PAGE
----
Documentary Filmmaker Discusses Racism at DoD Forum
By Gerry J. Gilmore
American Forces Press Service
WASHINGTON, May 8, 2001 Visit the DoD "Asian-Pacific American Heritage Month" web site at www.defenselink.mil/specials/asianpacific2001/.
Senior DoD officials and equal opportunity specialists gathered here May 7 to hear an Asian American filmmaker noted for his poignant work in interracial communication and the meaning of racism.
Attendees at the third annual DoD Forum on Asian-Pacific American Affairs included Claiborne Douglas Haughton Jr., acting deputy assistant secretary of defense for equal opportunity; Randall A. Yim, deputy undersecretary of defense for installations; Judith C. Gilliom, manager of the DoD Asian/Pacific American Program; and Army Reserve Col. Coral Wong Pietsch, set to become the first female Asian-Pacific American general officer in the Judge Advocate General Corps.
DoD's military and civilian workforces are becoming more ethnically diverse, Haughton said. Respecting cultural differences "can build bridges, booster teamwork, improve productivity and quality, and enhance readiness," he added.
However, "if we're not vigilant, we can allow our increasing diversity to deteriorate into divisiveness and adversity," Haughton said.
Lee Mun Wah, a Chinese-American documentary filmmaker, poet and diversity consultant from Oakland, Calif., has spent years building such bridges. His documentary film, "The Color of Fear," graphically depicts the human costs of racism. That film, an award-winner like two others he has made, was nationally broadcast on Oprah Winfrey's television show in 1995.
The former schoolteacher said his life was forever changed 16 years ago when his mother was shot and killed in her home by an African-American burglar. Rather than becoming infused with anger, Lee said he decided to reach out to effect more understanding between all races.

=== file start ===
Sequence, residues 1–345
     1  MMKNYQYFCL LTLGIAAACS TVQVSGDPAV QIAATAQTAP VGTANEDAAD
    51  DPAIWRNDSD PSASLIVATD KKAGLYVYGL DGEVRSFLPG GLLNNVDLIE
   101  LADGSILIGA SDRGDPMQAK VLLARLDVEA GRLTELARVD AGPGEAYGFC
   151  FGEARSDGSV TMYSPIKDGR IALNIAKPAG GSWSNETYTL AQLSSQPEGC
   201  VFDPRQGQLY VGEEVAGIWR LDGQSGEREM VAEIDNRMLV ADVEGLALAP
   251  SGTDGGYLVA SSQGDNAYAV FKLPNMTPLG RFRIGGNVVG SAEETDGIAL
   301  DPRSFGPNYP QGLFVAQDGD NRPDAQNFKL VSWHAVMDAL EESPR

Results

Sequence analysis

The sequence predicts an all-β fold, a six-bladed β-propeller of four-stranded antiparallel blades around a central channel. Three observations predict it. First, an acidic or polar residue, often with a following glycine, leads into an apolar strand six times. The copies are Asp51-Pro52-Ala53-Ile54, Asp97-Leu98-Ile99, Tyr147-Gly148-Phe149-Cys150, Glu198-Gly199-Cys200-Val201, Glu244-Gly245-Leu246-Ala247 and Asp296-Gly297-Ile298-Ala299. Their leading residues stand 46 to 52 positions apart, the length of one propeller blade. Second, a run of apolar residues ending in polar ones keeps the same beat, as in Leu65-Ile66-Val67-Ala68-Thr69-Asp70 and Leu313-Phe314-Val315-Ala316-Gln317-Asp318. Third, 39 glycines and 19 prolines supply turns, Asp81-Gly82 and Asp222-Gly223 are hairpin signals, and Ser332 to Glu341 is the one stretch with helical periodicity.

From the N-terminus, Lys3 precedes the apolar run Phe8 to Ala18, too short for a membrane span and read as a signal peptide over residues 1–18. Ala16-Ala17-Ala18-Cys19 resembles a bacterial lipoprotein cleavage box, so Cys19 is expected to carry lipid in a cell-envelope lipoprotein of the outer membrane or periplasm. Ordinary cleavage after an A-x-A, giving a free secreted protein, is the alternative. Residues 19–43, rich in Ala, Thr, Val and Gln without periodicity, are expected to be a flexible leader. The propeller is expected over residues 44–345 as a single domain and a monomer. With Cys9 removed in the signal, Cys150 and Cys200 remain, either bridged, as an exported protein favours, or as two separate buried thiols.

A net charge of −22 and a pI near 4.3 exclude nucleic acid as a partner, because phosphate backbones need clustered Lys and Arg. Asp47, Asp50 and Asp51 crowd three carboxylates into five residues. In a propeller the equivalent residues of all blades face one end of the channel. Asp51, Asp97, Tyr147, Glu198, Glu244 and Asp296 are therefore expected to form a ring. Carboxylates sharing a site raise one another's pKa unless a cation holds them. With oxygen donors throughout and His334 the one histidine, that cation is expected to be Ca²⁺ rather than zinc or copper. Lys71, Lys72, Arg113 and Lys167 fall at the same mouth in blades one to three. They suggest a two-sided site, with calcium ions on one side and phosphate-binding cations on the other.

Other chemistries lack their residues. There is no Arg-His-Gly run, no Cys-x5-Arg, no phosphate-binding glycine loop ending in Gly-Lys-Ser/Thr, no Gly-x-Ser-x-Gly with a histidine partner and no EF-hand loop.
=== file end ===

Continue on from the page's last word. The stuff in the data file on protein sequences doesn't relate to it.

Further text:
At a workshop years later, Lee told the story of his mother's death. In the audience, he said, was the mother of the man who had killed his mother.
"I walked across off the stage, she walked out of the audience and we held each other," Lee said. "I, for the son she lost; she, for the mother that I lost.
"I had to look at my own racism that my father had taught me about blacks and Jews and Latinos."
A major factor influencing race relations in America today, Lee said, is that people of non-European ancestry are often required to give up much if not all of their heritage, language and culture -- an essential part of their personalities -- when they arrive in America.
As part of pressures to "fit in" in America, Lee said his father never spoke his Chinese name in public.
"When he came to this country they told him his name was too difficult to pronounce, so they changed it to Richard," Lee said.
Lee, who noted his Chinese name means "He Who Writes," remarked that his father sought to protect him from racism even when he was an infant.
"On the day that I was born, my father did not put Lee Mun Wah on the birth certificate. My father put 'Gary Lee,'" he said. "My father had a dream and a hope that maybe I wouldn't go through the same racism that he did."
Lee said he learned to speak "perfect English" to please his father, but in the process lost command of Cantonese when he began school at age 5. A desire to fit in, combined with societal prejudice and repression of heritage, he said, can be extremely frustrating to Americans with non- European roots.
Pietsch, who is of Chinese-Bohemian heritage, amplified Lee's observation. She said that as a young girl she once hacked off some of her black hair in frustration after a Catholic nun made an insensitive joke in light of her Chinese features and heritage.
"I didn't want dark hair, I wanted light brown hair," she said.
Lee's documentaries on race feature regular people -- not actors. In "The Color of Fear," an African-American man explodes in frustration and anger at a white man during a group discussion on race.
The antidote to racism within truly free societies is to seek inclusion of all ethnic groups and to foster respect and understanding of all peoples, Lee said. American society has a long way to go in this regard, he said, adding that he still remembers being taunted in the first grade when other children would call him "Ching Chong Chinaman."
A number of Asian Americans in the audience raised their hands when Lee asked if anyone in the room remembered similar treatment when they were children.
"The sad thing is that it is still happening today in the year 2001," Lee said. "That song, 'Ching Chong Chinaman,' is on every playground in America.
"We love this country and what it means, but there are times when we're left out," he concluded.